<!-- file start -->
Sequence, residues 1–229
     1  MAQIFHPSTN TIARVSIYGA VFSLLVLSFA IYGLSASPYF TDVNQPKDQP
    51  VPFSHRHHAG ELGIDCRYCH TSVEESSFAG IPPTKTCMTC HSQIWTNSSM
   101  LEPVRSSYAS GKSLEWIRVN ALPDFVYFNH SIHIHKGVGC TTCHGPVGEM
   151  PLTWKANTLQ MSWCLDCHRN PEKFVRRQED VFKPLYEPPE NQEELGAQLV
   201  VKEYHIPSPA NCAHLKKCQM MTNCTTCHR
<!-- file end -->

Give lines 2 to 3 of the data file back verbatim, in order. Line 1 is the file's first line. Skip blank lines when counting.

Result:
     1  MAQIFHPSTN TIARVSIYGA VFSLLVLSFA IYGLSASPYF TDVNQPKDQP
    51  VPFSHRHHAG ELGIDCRYCH TSVEESSFAG IPPTKTCMTC HSQIWTNSSM